These children did all of this for nothing in return. If/When caught these children were beaten, tortured, starved, put in prison, sent to hard labour camps, or concentration camps where they were worked to death, or had medical experiments carried out on them.
Years later some would be recognised, having streets named after them. Whereas others were completely overlooked, simply labelled as trouble makers. Then there are still some that just seem to have initially been forgotten and just not talked about as much. Every single one of them deserve recognition for what they did. They all deserve their stories to be told, to be remembered and handed down to future generations.

My immediate thoughts upon finishing this book were just three words, interesting, informative and inspirational. I felt stunned, shell shocked by what I had just read and learnt. I usually read a non-fiction book alongside a fiction one, but I got to the point that I had to read this book. I didn’t want to put it down. I felt compelled to continue reading and ended up finishing the book late one evening. I think this is a book that will stay with me forever. Every time I hear of a survivor dying, or an anniversary of a camp liberations, or anniversary of a certain resistance act I will remember the children in this book, their bravery and actions.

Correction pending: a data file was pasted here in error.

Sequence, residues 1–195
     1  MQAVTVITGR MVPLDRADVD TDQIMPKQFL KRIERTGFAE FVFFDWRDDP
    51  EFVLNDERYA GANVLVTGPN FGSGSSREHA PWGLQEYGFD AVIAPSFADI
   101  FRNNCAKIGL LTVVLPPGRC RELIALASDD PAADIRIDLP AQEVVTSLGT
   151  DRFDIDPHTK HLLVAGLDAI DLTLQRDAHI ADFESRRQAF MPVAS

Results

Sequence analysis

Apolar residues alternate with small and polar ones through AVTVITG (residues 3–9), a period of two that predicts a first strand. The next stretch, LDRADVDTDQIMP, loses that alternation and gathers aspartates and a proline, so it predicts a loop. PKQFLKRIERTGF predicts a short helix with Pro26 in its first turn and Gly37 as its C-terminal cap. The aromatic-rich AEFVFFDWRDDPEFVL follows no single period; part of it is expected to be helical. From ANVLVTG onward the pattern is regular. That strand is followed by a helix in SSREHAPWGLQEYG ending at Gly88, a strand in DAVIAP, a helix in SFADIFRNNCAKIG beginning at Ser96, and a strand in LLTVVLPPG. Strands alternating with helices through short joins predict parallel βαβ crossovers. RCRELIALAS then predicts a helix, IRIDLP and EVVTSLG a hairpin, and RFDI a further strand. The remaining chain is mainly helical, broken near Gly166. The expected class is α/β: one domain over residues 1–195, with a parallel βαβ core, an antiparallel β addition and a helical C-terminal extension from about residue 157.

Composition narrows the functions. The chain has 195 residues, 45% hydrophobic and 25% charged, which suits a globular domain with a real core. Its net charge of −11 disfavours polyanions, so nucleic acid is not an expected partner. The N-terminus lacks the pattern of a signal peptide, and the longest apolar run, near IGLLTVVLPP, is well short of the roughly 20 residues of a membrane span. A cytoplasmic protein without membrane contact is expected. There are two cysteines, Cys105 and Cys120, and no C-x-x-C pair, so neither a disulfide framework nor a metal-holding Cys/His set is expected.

To sum up this book sheds a light on certain areas of the resistance that in my opinion were not widely publicised. In that the films about the era tend to be about the concentration camps, or the resistance blowing up transport links, which in this book some of the young resistance heroes do take part in. The young resistance members took part in so much more yet seem to have been forgotten and are not really talked or taught about in schools etc. To be honest I believe our schools should be teaching more about World War 2 and what went on than they are at the moment. This book really is a moving, emotion invoking read.